Foster Civil Discourse in High School Civics Classes
High school civics classes are making a comeback and along with them come discussions of highly charged issues in the classroom. This month, Arizona became the first state to approve a law requiring high school students pass the U.S. citizenship test in order to graduate, a regulation several other states are considering, The Associated Press reported. "You can't just assume that people understand these rights and responsibilities and these habits," says Mary Ellen Daneels, a U.S. government teacher at Community High School in West Chicago, Illinois. Civics education usually covers the basics of democracy and citizenship.
Fake schools draw scrutiny of federal investigators
SAN FRANCISCO (AP) — From her hometown in India in 2010, Bhanu Challa said she had no reason to doubt that Tri-Valley University was a legitimate American school where she could pursue a master's degree. Its website featured smiling students in caps and gowns and promised a leafy campus in a San Francisco Bay Area suburb.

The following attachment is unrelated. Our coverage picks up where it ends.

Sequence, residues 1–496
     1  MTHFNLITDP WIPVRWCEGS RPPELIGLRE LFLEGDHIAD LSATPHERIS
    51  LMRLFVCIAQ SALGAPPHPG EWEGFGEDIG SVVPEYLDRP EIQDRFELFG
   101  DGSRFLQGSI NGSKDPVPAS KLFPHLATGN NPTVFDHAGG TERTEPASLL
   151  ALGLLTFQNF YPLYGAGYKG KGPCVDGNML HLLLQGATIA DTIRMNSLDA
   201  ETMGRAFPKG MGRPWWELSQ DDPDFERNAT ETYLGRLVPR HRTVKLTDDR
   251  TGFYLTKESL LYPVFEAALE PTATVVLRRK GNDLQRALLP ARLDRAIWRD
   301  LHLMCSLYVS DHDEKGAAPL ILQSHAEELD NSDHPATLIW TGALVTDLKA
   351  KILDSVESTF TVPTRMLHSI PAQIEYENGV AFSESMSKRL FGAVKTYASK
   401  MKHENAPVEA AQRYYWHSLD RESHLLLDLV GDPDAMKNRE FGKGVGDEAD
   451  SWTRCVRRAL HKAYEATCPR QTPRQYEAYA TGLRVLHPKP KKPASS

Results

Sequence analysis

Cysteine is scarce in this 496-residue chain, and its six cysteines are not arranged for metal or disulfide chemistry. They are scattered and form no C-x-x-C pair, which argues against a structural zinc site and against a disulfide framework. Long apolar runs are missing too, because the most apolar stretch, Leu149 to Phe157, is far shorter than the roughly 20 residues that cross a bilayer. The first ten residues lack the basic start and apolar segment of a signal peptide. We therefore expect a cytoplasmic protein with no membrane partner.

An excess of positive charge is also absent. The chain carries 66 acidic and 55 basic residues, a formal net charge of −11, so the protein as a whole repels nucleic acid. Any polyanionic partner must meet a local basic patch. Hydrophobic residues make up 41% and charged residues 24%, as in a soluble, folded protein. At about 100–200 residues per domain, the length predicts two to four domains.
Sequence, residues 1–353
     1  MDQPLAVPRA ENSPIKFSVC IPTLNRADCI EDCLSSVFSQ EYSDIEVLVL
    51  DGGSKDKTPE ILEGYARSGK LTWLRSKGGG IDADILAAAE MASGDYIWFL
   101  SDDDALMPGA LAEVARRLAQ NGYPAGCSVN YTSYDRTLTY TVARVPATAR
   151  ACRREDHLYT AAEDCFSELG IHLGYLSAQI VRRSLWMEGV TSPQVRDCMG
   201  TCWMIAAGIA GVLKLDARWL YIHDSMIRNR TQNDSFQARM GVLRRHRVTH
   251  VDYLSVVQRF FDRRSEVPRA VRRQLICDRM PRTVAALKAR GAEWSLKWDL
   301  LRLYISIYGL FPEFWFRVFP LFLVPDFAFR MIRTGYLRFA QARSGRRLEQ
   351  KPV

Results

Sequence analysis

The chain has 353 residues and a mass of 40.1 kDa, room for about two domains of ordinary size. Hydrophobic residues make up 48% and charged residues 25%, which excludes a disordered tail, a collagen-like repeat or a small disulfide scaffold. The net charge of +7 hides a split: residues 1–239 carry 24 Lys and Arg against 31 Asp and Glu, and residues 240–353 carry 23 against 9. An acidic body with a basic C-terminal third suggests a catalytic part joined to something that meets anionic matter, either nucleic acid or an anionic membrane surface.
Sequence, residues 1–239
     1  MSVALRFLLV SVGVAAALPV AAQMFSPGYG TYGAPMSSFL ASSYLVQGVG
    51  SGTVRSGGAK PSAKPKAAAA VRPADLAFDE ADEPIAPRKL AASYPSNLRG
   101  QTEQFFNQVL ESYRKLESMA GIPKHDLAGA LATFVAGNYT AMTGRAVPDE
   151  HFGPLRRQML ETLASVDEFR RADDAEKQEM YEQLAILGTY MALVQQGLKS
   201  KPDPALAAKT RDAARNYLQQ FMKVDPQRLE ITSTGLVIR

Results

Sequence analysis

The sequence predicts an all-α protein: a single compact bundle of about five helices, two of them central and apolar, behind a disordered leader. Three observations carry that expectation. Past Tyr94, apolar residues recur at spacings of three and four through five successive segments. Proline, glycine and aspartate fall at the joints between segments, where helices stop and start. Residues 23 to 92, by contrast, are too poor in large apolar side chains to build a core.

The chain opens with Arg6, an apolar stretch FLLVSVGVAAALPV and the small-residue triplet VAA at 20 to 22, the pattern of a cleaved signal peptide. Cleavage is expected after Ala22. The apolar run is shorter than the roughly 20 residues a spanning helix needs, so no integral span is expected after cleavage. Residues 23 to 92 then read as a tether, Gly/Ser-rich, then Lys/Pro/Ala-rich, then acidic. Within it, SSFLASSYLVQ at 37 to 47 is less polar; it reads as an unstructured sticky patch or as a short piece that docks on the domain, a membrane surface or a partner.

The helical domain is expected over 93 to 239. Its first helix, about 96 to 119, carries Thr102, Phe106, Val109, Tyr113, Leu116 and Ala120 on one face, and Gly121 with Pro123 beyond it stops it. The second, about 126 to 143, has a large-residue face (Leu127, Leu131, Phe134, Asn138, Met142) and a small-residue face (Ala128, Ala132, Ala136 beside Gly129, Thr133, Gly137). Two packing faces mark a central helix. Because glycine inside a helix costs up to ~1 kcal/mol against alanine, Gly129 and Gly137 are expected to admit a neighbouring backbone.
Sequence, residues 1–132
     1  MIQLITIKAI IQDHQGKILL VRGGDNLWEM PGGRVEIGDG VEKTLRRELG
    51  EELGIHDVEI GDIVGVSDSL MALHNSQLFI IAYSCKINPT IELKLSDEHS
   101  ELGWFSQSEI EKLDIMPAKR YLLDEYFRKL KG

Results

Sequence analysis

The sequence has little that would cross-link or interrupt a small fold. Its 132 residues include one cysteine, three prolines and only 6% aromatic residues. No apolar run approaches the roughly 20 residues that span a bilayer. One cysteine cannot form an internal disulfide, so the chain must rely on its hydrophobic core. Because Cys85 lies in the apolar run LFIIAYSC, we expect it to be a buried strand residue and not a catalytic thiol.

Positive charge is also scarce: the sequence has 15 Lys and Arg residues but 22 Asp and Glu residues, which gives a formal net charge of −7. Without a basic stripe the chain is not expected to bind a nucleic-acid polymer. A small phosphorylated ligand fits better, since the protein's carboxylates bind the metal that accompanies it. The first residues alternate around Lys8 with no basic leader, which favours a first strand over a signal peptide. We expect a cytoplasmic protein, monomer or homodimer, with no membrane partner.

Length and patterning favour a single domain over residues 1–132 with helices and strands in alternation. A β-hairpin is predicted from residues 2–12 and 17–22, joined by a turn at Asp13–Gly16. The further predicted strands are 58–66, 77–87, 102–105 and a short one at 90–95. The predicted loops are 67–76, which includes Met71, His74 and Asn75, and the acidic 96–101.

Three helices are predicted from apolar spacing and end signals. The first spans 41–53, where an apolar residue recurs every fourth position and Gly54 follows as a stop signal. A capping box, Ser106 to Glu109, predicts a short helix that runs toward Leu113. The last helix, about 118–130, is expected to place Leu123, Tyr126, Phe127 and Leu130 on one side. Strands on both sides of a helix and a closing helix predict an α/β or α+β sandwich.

School-wide prevention program lowers teen suicide risk
By Madeline Kennedy (Reuters Health) - After a school-based prevention program, European teenagers were about half as likely to attempt suicide or to feel suicidal, a new study shows. Danuta Wasserman, a professor of psychiatry at the Karolinska Institute in Sweden, said the program was likely successful because students “felt that the power of mastering their feelings, coping with stress and choosing solutions was in their hands and not decided or forced by adults.” Suicide is the third leading cause of death between the ages of 10 and 24, according to the U.S. Centers for Disease Control and Prevention (CDC). Suicide attempts are even more common, with some research suggesting that 4 to 8 percent of high school students try to kill themselves each year, the CDC says. Those most at risk have a history of suicide attempts, mental illness or substance abuse, or a family history of mental illness and access to lethal methods.
Staying Home & Watching TV May Reduce Flu Spread
Staying at home and watching TV during a flu epidemic may actually reduce the spread of the disease, according to a new study of the 2009 "swine flu" epidemic. Researchers analyzed the television-viewing habits of people in central Mexico during spring 2009, when that year's H1N1 flu epidemic began. At that time, officials in Mexico City implemented measures to reduce people's contact with one another (a public health strategy called "social distancing"). They closed public schools and canceled large public events.